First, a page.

The Green Growth Mindset
Heated academic debates between proponents and opponents of traditional economic growth under capitalism might make for good television, but they offer little in the way of solutions. Climate change demands that we achieve both growth and degrowth, depending on the activity and economic sector in question.
NEW YORK – Everyone needs a foil, and for many who are focused on climate and sustainability, economic growth – capitalism – is a convenient target. This is understandable. Economic expansion is the quintessential capitalist imperative, but infinite material growth on a finite planet is physically impossible. Hence the rise of “degrowth,” “agrowth,” “post-growth,” and other concepts that have emerged to underpin seemingly sophisticated criticisms of the “standard” economic model.
Look beneath the surface and you will find that this clash of worldviews is more about rhetoric than actual policy. It is also a distraction.
The focus instead must be on cutting carbon and other forms of pollution. While high-carbon, low-efficiency economic activities – and some entire sectors – must shrink, low-carbon, high-efficiency activities and sectors must grow. Harnessing this natural process of “creative destruction” does not mean embracing laissez-faire, with policymakers sitting on the sidelines watching passively.
Consider the massive negative societal costs associated with burning oil, coal, and gas. According to the best estimates we have, the social cost of carbon in the United States has nearly quadrupled in the last decade, from around $50 per ton of emitted carbon-dioxide to almost $200 – and even that is only a partial estimate of the true costs.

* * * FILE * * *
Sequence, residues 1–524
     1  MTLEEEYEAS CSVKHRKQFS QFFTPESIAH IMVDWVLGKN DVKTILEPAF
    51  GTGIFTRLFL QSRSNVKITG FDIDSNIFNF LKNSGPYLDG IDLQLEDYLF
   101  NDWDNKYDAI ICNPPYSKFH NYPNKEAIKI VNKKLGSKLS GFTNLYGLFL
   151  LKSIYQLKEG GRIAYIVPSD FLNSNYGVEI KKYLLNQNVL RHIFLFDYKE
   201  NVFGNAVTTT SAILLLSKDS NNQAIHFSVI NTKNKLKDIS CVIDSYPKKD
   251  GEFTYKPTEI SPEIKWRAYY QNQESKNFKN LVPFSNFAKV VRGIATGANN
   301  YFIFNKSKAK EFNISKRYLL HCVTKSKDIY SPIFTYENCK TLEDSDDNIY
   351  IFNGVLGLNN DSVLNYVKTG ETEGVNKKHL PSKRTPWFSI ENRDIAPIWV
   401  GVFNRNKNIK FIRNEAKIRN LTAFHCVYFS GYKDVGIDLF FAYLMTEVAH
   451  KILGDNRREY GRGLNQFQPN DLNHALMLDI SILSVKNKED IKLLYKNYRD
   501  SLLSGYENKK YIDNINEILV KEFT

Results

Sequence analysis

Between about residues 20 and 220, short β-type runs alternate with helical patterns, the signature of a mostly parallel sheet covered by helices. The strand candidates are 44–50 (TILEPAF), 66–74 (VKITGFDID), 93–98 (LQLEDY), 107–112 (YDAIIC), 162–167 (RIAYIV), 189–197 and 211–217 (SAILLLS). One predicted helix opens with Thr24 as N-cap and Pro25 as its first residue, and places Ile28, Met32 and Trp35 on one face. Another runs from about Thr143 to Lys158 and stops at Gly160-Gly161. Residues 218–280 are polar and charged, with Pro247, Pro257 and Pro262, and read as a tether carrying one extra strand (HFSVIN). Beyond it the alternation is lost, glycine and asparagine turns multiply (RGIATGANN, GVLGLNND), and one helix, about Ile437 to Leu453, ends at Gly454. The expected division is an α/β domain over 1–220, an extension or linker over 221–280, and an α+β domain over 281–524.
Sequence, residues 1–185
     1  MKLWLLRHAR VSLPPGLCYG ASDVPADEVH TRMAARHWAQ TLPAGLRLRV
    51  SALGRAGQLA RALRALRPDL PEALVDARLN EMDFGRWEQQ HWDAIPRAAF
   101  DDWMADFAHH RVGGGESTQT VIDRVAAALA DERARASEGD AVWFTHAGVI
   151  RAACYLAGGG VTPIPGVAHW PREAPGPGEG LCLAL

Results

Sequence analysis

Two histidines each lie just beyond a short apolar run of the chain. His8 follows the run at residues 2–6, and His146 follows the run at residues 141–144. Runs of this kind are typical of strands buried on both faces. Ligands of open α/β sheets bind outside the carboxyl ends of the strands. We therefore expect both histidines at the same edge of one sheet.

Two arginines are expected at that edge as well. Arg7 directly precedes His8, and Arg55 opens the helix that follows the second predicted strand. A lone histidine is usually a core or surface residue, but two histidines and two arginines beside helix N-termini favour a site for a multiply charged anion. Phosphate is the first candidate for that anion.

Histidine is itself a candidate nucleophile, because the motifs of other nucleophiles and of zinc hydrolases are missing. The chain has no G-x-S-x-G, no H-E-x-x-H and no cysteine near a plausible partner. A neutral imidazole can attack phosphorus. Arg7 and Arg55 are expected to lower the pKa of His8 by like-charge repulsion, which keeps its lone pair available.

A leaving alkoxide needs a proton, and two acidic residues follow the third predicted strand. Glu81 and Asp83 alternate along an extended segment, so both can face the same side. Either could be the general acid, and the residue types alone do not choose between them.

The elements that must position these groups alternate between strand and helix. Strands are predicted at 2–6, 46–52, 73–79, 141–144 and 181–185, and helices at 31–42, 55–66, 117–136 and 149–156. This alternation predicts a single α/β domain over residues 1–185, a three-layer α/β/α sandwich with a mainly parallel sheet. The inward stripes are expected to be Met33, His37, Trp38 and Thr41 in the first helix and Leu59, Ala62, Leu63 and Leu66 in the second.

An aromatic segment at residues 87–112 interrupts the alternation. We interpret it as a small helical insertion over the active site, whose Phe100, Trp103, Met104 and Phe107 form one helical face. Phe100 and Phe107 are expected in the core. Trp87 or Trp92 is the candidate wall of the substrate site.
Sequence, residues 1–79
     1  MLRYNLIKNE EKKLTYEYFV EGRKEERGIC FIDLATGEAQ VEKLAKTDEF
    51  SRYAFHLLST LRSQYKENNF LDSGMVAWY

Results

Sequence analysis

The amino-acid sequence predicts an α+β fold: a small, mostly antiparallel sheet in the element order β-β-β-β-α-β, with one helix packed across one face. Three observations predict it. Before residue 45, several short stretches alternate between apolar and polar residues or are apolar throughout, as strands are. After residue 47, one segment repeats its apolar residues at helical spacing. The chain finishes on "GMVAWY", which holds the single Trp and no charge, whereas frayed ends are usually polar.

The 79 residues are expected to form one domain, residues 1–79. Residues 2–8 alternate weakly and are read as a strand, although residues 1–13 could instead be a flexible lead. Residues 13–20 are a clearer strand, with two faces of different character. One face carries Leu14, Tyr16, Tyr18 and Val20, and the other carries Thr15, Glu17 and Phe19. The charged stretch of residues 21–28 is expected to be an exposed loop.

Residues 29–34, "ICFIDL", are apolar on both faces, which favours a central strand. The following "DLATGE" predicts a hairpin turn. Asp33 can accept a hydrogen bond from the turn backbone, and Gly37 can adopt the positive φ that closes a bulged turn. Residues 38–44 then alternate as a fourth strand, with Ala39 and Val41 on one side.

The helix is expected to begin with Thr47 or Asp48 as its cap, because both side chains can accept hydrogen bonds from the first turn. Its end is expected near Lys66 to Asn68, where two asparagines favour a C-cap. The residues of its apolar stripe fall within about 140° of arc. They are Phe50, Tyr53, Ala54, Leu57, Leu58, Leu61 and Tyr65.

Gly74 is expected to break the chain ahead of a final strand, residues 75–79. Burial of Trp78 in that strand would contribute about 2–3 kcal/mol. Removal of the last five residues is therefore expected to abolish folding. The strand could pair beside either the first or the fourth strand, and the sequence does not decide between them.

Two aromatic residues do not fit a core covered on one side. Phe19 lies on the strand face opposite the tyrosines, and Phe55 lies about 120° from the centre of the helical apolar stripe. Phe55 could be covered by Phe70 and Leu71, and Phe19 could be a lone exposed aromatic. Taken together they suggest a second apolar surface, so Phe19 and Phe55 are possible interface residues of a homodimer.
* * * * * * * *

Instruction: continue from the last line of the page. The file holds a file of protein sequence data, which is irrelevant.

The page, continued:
All told, each barrel of oil and each ton of coal burned cause more in external damage than they add to GDP – and we haven’t even yet accounted for other important environmental factors like land use and biodiversity. Given these high and mounting costs, the policy prescription has long been clear: put a price on carbon. Or better yet, price any and all negative externalities, and subsidize the positive ones.
Last year’s US Inflation Reduction Act (IRA) nods in both of these directions. But while it includes a little-known direct price for methane emissions from oil and gas operations, its main focus is on subsidies and tax credits. By harnessing the potential of markets and incentivizing economic growth in specific areas, it represents “green industrial policy” in action.
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Such active government involvement in the economy raises a host of questions. What is not in doubt is that hundreds of billions of dollars of government subsidies will drive the deployment of renewable energy, battery storage, clean transportation, and other important technologies in under-developed sectors. Moreover, all that development will generate economic growth, as measured in the narrowest of ways through traditional GDP, economic value-added, and employment statistics.